We are not quite so professional here; as you can see I eschew fancy tripods for a stack of old Wine Spectator magazines and a chair! We follow a few photography pointers, however, that are easy, quick, and don't demand extra equipment. I use a Canon Powershot G2, and Sara Kate uses a Canon Rebel XT. These tips here can give you some great shots; honestly, the quality of your light is just as important as your camera, especially when shooting for the low-resolution medium of the web. I format my photos and tweak the colors a bit in Photoshop; most food photos need to be super-saturated or else they will look washed out on the web.
1. Use white dishes - Everything looks better on a white dish, and it tends to reflect the light better. I have a whole collection of interesting little dishes that I use occasionally, but they are more challenging to photograph well, and I usually end up again with my favorite white soup plate.
2. Use natural light - The better your light, the better your photos. It's hard to take good photos of food at night, in dark restaurants, or under artificial light. You have to lower the shutter speed to get enough light, and then they often turn out grainy and blurry, especially without the help of a tripod. The real problem, though, is getting natural color. Our eyes know the proper colors of foods. Bright, but not harsh, natural light is the best way to do this.
If you have a big window in your kitchen or dining room, set up your photos in front of it, with a sheer curtain or light-diffusing shade between the light and the shot to reduce harsh shadows.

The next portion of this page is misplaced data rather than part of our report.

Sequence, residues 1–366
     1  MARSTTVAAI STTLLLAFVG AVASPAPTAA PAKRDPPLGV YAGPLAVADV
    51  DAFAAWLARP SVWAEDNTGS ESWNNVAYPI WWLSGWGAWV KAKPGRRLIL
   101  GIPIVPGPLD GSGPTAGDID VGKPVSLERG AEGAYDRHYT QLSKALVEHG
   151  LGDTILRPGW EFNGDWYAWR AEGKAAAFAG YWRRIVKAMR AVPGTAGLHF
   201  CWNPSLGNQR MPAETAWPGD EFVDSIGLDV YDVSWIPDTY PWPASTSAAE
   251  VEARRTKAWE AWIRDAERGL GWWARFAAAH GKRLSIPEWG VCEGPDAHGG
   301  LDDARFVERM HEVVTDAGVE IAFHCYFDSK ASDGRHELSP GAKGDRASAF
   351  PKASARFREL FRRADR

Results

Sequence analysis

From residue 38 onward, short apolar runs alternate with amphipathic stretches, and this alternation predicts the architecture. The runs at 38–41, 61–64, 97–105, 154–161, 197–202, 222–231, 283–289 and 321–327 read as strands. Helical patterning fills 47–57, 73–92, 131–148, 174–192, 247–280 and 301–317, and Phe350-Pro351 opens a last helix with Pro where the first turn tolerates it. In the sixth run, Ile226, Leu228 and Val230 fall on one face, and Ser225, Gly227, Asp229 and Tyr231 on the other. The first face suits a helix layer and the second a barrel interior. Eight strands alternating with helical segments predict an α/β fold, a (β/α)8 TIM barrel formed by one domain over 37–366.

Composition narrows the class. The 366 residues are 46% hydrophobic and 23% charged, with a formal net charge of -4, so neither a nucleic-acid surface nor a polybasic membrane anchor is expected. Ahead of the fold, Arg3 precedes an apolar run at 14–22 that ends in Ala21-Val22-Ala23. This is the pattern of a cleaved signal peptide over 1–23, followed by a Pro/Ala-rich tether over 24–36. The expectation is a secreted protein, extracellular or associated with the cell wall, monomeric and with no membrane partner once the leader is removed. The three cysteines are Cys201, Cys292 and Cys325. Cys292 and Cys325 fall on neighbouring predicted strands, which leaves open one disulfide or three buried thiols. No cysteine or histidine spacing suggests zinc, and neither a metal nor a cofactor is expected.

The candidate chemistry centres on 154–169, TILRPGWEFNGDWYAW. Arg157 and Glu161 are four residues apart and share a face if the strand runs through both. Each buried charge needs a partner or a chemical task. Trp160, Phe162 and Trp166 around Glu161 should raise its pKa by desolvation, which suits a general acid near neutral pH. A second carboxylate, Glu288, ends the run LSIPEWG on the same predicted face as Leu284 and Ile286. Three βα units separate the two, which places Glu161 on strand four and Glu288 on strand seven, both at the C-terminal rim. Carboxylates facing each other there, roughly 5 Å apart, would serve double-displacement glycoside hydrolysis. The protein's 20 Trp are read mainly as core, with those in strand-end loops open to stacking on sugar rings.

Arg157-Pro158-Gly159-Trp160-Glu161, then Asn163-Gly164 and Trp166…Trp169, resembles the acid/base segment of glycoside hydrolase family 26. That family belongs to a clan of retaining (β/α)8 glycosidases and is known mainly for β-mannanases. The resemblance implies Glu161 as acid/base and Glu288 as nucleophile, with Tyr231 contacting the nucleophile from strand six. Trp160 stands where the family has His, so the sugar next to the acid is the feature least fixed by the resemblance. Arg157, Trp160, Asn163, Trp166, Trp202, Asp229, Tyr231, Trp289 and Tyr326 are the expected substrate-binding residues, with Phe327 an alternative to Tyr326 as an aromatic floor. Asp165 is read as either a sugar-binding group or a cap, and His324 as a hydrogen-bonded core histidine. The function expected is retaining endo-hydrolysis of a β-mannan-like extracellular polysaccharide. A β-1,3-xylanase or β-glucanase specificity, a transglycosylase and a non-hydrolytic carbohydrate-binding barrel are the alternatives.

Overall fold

3. Set your white balance - In getting good color, your white balance is the best thing you've got on your camera. Your white balance is what tells your camera what color is white, and accordingly what all the rest of the colors in the spectrum are as well. Most cameras have a feature where you can choose a pre-set white balance for a variety of environments - sunny, cloudy, fluorescent light - or set your own. I keep a couple of white cards with my camera so I can set the white balance by them when the light changes or I move locations. This is really the only setting I mess with on my camera.
4. Macro setting - There is, however, a macro setting I often turn on when taking food photos. Macro photos are those nice, up-close shots you see nearly everwhere in food photography, with a sharp foreground and with the background blown out or artistically dissolved. If you're fairly close to the food - within a foot or two, say - this feature should be turned on. You can see some good examples of macro photography in this Macro Flickr group.
To set this and the white balance, refer to your camera manual or the very helpful reviews at Digital Photography Review.
5. Stabilize your camera - This may be the most important tip, especially in low-light situations and restaurants. Any small shake of your camera will result in blurriness, so always balance it on something when taking a photo. We like to balance on a wine glass if we're in a restaurant, or on the side of the table. At home I stack up magazines to get just the height and perspective I want!
These are just some basic tips; Heidi at 101 Cookbooks also has a helpful set of tips. Lara runs Still Life With... - an entire site dedicated to food photography. It's beautiful and inspiring. If you're interested in taking photos of your food also check out the many Flickr groups dedicated to food photography, especially the one associated with Lara's website.